Members of the human family share common behavioral tendencies but are also strikingly diverse. To what extent are we shaped by our heredity and to what degree by our life history? The conclusions— that nature is crucially important and that nurture is crucially important—are central to today’s psychology.
Genes provide the blueprints that design both our universal human attributes and our individual traits. Behavior geneticists explore individual differences. By using twin, adoption, and temperament studies, they assess the heritability of various traits and disorders. Their research indicates that both nature and nurture influence our life courses. We are products of interactions
between our genetic predispositions and our surrounding environments. Molecular geneticists search for genes that put people at risk for genetically influenced disorders, which has potential benefits as well as risks.
Evolutionary psychologists focus on what makes us alike as humans. They study how natural selection favored behavioral tendencies that contributed to the survival and spread of our genes. For example, in explaining gender differences in sexual behavior, they argue that women most often send their genes into the future by pairing wisely, men by pairing widely. Critics maintain that evolutionary psychologists make too many hindsight explanations and underestimate the role of culture.
The biopsychosocial approach to development recognizes that we are products of both nature and nurture, of genes and environment. We are also architects of our future. The stream of causation runs through our present choices.
Behavior Genetics: Predicting Individual Differences
Behavior geneticists study our differences and aim to determine the relative importance of heredity and environment on behavior. Environment includes every nongenetic influence, from prenatal nutrition to the people and things around us.
Every cell nucleus contains the genetic master code for the body. Within each cell are 46 chromosomes with 23 donated by each parent. Each chromosome is composed of a coiled chain of a molecule, called DNA (deoxyribonucleic acid). Genes are DNA segments that, when “turned on” (active or expressed), provide the code for the production of protein molecules. By directing the manufacture of proteins, the approximately 30,000 genes that compose the human body determine our physical development. The genome provides the complete instructions for making an organism, consisting of all the genetic material in the organism’s chromosomes. Variations at particular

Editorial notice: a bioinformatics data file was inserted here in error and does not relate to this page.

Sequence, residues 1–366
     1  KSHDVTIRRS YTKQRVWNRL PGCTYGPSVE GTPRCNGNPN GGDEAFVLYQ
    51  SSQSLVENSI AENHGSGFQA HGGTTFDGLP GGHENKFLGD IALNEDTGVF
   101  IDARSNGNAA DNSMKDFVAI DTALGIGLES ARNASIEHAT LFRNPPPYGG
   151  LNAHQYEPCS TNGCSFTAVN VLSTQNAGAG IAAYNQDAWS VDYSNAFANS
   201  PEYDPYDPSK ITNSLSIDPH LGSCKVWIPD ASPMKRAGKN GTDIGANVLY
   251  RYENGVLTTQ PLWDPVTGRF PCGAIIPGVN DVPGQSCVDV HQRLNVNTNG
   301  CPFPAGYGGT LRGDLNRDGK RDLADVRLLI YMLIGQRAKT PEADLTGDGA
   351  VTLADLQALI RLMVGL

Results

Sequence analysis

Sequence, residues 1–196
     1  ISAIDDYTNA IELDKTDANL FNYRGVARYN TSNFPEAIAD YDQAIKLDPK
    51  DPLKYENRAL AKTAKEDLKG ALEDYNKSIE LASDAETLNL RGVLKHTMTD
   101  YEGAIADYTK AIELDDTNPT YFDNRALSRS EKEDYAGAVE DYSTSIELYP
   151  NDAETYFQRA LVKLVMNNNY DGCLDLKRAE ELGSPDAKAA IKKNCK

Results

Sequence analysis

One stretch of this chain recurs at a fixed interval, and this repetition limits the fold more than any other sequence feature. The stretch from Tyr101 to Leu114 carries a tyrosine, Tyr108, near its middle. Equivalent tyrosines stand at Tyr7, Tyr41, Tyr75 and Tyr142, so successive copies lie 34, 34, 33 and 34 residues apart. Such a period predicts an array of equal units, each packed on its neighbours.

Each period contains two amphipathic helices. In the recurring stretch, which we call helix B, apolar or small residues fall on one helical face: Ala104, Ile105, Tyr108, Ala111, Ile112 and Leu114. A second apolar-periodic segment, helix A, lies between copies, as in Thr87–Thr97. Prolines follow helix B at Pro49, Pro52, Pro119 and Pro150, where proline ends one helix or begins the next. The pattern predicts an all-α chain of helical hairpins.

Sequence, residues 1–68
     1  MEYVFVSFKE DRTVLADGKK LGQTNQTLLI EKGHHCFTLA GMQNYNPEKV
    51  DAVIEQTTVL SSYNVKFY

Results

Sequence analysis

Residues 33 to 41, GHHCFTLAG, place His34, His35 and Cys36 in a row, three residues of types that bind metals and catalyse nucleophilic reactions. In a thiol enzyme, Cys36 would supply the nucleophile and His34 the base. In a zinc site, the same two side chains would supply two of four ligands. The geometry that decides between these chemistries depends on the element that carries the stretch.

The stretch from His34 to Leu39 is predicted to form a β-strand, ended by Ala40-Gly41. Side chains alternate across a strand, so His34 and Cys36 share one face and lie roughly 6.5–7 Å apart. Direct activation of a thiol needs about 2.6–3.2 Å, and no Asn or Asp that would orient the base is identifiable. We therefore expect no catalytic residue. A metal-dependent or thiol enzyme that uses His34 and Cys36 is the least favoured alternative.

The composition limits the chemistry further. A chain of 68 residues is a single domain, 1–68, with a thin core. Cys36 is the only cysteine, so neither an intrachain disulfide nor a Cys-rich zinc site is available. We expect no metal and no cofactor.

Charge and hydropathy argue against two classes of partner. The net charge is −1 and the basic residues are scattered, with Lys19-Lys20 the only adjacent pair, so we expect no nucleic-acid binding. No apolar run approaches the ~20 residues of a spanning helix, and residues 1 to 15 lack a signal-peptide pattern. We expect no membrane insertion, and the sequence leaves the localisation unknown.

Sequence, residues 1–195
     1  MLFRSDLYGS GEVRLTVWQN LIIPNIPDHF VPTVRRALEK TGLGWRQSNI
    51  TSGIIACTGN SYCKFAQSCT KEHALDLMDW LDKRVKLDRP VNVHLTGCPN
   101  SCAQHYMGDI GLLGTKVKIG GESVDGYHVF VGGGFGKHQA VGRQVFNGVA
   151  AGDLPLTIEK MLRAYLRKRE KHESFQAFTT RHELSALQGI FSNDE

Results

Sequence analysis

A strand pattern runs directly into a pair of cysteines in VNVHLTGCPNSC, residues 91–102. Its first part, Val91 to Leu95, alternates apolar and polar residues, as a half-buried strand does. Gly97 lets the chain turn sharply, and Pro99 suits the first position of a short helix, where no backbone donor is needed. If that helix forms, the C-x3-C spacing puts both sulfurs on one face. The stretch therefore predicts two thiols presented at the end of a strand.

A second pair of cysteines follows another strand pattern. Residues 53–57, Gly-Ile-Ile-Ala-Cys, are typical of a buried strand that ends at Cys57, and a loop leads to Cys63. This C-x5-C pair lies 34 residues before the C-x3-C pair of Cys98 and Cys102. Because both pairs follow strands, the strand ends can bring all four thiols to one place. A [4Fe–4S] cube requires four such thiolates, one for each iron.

gene sites in the DNA define each person’s uniqueness. Human traits are influenced by many genes interacting with the environment.
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Comparisons of identical twins, who are genetic clones, and fraternal twins, who develop from separate eggs, help behavior geneticists tease apart the effects of heredity and environment. On both extraversion and neuroticism, identical twins are much more similar than fraternal twins. The discovery that identical twins separated at birth show remarkable similarities also suggests genetic influence. Indeed, separated fraternal twins do not exhibit similarities comparable to those of separated identical twins. However, shared genes can translate into shared experiences.
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Adoption studies enable comparisons with both genetic and environmental relatives. Adoptees’ traits bear more similarities to their biological parents than to their caregiving adoptive parents. Nonetheless, the latter do influence their children’s attitudes, values, manners, faith, and politics. Clearly, nature and nurture shape one’s developing personality.
Heritability describes the extent to which variation among members of a group can be attributed to genes. If the heritability of intelligence is 50 percent, this does not mean that one’s intelligence is 50 percent genetic. Instead, it means that we can attribute to genetic influence 50 percent of the observed variation among people. Our genes affect how our environment reacts to and influences us. Nature enables nurture. Because of human adaptability, most psychologically interesting traits are expressed in particular environments. In other words, genes are self-regulating; they can react differently in different environments.
We are all the products of interactions between our genetic predispositions and our surrounding environments. For example, a stressful environment can trigger genes that affect the production of neurotransmitters that underlie depression. Breastfeeding boosts later intelligence only for the 90 percent of infants with a gene that assists in breaking down fatty acids present in human milk. Similarly, a baby who is genetically predisposed to be social and easygoing may, in contrast to one who is less so, attract more affectionate and stimulating care and thus develop into a warmer and more outgoing person.